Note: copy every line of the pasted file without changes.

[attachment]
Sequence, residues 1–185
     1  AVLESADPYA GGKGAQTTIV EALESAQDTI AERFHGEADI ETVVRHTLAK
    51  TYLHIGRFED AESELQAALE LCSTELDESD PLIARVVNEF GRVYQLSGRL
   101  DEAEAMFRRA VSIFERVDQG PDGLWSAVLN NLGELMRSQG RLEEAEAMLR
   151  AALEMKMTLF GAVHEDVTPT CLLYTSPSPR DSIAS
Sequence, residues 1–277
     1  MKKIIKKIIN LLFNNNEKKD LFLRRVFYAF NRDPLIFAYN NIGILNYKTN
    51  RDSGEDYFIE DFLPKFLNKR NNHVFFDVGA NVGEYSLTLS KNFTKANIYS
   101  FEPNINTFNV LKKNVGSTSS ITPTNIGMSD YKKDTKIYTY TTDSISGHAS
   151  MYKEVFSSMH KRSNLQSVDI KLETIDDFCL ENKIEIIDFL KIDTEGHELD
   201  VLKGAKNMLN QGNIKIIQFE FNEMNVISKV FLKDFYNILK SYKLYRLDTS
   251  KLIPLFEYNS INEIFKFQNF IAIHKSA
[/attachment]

Sequence, residues 1–185
     1  AVLESADPYA GGKGAQTTIV EALESAQDTI AERFHGEADI ETVVRHTLAK
    51  TYLHIGRFED AESELQAALE LCSTELDESD PLIARVVNEF GRVYQLSGRL
   101  DEAEAMFRRA VSIFERVDQG PDGLWSAVLN NLGELMRSQG RLEEAEAMLR
   151  AALEMKMTLF GAVHEDVTPT CLLYTSPSPR DSIAS
Sequence, residues 1–277
     1  MKKIIKKIIN LLFNNNEKKD LFLRRVFYAF NRDPLIFAYN NIGILNYKTN
    51  RDSGEDYFIE DFLPKFLNKR NNHVFFDVGA NVGEYSLTLS KNFTKANIYS
   101  FEPNINTFNV LKKNVGSTSS ITPTNIGMSD YKKDTKIYTY TTDSISGHAS
   151  MYKEVFSSMH KRSNLQSVDI KLETIDDFCL ENKIEIIDFL KIDTEGHELD
   201  VLKGAKNMLN QGNIKIIQFE FNEMNVISKV FLKDFYNILK SYKLYRLDTS
   251  KLIPLFEYNS INEIFKFQNF IAIHKSA